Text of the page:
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Day 31: The Exorcist

Day 31 of Calloween Movie Month

Content warnings: mild blood and gore, child harm, suicide, elderly death, religion/loss of faith, emetophobia, homophobia, body horror

Recommended?: Yes

That wasn't the demon yelling slurs middle schoolers are just like that.

Horror Movie Caps

The Exorcist follows a mother, Chris, tirelessly seeking help for her daughter, Regan, after she starts behaving strangely. After exhausting all her medical options as Regan's behavior gets worse, Chris enlists the help of a priest. A young man named Damien Karras who's struggling with his faith after the death of his mother.

Ever since I was old enough to know about horror movies, I've been told The Exorcist is the scariest movie ever made. My own mother even told me, a 20 year old man, that watching the film would straight up traumatize me, and expressed her lack of sympathy for the future me who would be crying and unable to sleep. So, was it the scariest thing ever to grace my eyes? Did it traumatize me? Ruin my fragile young mind?

...No. But that doesn't mean it wasn't a rock solid horror film deserving of its status as a classic in the genre.

It's not without it's problems. I'm not sure if the pacing is fixed in the theatrical cut or what parts are missing from it, but I found decent chunks of it to be overly slow and a bit dull. Mostly in the first half. Which really dragged it down for a bit. I know it's a slow burn, but it wasn't quite building up tension the way I had hoped. There's also the various demon voices, which do sound fairly silly and tend to make the scenes with them a decent bit less effective.

Besides that though, there's a lot to love. While I can't say it's a personal favorite of mine I can understand why it is for so many.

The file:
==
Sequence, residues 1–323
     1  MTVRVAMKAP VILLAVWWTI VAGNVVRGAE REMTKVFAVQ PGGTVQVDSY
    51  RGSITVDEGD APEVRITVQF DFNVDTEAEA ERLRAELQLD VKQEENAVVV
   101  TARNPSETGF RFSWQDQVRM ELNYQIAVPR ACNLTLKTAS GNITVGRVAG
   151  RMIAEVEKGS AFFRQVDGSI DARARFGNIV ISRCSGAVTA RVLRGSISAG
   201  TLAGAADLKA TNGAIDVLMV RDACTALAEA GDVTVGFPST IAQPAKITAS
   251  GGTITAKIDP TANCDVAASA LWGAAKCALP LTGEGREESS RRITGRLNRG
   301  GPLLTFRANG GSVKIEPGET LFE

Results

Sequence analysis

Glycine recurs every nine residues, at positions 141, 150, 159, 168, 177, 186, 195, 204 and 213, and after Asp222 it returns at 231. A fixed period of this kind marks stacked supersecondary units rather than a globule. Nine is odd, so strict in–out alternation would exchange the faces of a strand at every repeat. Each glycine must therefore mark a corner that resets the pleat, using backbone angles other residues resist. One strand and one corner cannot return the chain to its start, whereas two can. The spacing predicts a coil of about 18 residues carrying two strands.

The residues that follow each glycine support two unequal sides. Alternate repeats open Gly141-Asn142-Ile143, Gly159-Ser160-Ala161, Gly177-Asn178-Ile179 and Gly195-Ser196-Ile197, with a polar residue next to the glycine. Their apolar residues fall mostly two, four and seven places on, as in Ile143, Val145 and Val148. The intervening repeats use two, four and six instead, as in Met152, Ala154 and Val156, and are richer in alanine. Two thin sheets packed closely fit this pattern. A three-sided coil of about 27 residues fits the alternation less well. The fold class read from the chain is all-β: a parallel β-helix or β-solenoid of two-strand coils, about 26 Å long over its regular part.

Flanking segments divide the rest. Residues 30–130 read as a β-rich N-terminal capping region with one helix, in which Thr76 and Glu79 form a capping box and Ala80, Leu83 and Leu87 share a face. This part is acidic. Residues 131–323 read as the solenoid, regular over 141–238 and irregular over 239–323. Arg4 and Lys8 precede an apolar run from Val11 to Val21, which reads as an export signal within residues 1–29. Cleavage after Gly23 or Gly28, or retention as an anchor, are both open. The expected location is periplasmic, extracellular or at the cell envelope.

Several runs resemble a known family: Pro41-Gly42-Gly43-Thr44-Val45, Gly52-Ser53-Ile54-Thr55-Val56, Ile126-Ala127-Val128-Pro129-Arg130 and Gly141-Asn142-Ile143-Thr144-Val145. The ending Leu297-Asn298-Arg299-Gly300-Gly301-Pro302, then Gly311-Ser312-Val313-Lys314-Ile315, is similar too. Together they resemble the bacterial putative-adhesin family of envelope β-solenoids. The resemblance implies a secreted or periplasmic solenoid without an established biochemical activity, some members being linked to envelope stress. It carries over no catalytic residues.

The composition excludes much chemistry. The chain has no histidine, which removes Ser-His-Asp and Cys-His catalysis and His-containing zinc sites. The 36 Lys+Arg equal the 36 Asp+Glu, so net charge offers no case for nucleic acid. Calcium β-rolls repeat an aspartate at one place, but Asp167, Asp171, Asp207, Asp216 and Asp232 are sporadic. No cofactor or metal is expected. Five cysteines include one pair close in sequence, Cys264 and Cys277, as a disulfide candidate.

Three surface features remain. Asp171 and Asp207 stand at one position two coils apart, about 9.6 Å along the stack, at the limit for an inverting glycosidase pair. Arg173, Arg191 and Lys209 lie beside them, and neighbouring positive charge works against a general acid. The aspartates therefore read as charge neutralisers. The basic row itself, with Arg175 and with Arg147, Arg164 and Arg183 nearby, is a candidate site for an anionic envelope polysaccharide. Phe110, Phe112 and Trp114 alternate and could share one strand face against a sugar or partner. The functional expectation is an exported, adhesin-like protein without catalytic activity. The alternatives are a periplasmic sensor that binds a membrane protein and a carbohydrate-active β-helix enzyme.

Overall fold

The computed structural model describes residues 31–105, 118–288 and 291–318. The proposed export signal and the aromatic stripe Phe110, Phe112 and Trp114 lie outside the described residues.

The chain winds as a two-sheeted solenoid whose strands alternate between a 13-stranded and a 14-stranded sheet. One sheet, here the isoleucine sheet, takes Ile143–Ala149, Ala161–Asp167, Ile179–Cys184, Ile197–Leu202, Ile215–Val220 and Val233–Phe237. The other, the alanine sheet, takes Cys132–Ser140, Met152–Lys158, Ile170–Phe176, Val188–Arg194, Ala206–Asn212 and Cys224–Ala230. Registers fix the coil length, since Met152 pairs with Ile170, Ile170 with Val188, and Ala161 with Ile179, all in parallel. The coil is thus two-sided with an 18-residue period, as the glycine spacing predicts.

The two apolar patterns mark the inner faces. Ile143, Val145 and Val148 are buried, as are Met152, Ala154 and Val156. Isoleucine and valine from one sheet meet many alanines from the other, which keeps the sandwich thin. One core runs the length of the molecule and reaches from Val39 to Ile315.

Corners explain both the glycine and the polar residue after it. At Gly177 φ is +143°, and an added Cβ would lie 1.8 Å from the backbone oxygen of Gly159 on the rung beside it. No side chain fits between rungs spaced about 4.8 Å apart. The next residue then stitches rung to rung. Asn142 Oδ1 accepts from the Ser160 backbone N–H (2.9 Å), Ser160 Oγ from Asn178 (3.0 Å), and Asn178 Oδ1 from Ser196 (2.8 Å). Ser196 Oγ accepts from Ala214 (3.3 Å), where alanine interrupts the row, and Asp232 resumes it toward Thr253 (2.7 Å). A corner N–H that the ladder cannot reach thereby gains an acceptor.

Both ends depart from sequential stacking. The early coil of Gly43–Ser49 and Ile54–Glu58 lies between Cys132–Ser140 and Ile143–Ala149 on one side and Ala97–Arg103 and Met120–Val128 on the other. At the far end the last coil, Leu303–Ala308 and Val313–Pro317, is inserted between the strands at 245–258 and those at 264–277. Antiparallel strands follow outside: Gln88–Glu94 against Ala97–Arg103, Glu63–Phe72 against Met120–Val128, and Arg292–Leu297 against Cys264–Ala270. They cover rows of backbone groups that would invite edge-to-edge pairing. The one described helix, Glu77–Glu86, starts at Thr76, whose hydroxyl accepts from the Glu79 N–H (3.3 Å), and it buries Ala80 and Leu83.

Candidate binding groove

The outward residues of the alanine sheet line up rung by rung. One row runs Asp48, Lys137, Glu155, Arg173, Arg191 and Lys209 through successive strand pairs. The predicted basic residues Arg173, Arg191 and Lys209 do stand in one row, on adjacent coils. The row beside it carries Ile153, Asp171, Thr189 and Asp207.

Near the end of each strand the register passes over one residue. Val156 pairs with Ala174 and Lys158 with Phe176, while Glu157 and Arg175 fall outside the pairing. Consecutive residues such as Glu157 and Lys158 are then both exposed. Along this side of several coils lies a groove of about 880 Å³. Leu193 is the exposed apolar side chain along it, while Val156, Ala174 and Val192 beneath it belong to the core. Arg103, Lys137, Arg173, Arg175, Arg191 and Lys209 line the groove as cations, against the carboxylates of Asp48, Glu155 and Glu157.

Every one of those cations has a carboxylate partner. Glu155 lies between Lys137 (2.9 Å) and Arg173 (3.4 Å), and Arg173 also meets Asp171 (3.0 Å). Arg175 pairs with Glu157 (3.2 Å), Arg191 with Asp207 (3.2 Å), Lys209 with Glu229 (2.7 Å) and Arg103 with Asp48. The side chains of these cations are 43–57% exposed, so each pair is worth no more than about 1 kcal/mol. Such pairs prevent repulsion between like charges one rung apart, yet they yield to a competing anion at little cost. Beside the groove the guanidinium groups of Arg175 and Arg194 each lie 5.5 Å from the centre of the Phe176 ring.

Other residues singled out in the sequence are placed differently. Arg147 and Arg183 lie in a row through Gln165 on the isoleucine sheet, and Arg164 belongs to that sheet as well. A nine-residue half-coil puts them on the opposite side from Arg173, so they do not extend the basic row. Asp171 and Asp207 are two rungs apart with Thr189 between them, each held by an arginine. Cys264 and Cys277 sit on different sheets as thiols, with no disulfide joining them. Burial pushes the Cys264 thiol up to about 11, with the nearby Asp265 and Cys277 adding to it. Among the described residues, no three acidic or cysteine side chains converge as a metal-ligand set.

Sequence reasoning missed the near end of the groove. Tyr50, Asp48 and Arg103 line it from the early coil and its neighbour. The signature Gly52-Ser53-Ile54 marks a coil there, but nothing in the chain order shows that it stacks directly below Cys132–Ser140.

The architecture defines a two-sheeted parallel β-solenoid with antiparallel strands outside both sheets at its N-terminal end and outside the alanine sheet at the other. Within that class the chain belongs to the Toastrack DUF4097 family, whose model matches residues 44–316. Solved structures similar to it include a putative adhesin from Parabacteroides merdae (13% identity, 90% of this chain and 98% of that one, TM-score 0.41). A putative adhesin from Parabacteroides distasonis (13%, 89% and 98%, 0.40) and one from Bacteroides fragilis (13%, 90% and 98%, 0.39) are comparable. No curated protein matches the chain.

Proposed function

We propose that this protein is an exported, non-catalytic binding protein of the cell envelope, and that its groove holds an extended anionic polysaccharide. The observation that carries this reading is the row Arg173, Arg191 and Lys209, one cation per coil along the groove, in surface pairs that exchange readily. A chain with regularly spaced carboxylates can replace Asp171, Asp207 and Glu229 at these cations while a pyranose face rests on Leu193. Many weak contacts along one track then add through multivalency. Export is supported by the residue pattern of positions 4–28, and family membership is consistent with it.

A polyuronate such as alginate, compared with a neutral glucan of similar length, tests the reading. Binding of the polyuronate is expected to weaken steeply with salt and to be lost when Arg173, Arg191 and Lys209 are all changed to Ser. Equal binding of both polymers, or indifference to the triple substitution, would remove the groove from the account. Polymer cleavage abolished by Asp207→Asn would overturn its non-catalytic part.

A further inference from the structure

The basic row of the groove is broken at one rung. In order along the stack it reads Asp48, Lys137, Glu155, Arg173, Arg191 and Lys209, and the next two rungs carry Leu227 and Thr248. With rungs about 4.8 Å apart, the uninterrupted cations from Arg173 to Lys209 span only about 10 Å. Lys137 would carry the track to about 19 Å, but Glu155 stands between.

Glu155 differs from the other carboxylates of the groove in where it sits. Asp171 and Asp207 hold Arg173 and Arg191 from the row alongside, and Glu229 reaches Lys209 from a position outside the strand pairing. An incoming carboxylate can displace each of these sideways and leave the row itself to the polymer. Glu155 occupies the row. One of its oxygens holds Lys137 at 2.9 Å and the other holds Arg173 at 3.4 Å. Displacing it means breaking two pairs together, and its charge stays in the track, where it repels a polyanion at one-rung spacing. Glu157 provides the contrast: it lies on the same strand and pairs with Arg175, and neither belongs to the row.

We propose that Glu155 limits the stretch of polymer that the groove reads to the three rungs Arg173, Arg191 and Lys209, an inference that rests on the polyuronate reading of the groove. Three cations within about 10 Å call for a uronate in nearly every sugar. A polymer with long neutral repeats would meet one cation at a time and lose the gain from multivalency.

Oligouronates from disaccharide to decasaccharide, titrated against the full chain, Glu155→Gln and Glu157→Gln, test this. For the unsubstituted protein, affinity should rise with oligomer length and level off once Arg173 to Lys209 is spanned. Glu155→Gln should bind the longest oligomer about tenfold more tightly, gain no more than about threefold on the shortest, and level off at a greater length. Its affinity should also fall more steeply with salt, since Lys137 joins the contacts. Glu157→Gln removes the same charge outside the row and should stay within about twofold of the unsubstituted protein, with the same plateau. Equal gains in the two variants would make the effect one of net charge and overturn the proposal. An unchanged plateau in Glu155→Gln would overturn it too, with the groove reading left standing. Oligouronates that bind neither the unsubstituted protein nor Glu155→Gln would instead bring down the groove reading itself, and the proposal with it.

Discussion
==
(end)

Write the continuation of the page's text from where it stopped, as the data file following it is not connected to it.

I'm not usually big into movies involving possession. They tend to fall pretty flat for me and it can fall into some ableist tropes fairly often. (Which, to this film's credit, it goes out of it's way to dissuade when Chris seeks help from psychiatrists and they don't do anything for her.)

This film sets itself apart from those in a couple of major ways. For one, it's willing to get extremely brutal and twisted with the way the possession effects Regan. It twists her body in impossible ways and wounds her from head to toe. It makes her sick and dirty. It spits the kind of verbal venom even some of the brattiest children wouldn't be able to. It's malicious, sometimes animalistic and violent.Which brings me to my second point. It never fails to acknowledge that Regan is still stuck inside this body that the demon is abusing and using for evil. She's just a child, and while she's still fully cognizant she cries and begs for her mother and asks what's wrong with her. It's really heartbreaking. It's really bittersweet watching Father Karras be so gentle with her, and makes the film less cruel than it would be.

I also loved Father Karras' arc. He blames himself for the death of his mother. It haunts his dreams and sticks in his mind in his waking hours. To the point it even makes him question his faith despite being a priest. He's already a self-sacrifical person before he ever enters the McNeil household. So when he actually does sacrifice himself to save Regan after all else fails, it's sad, but it feels like a perfect end to his story. It's hard to imagine it happening any other way. In a film full of harrowing imagery, the sight of his blood covered body twitching at the bottom of the stairs after saving a child's life might be the single most harrowing.

In The Exorcist, God is not dead, he simply does not offer a helping hand to those who need it most.

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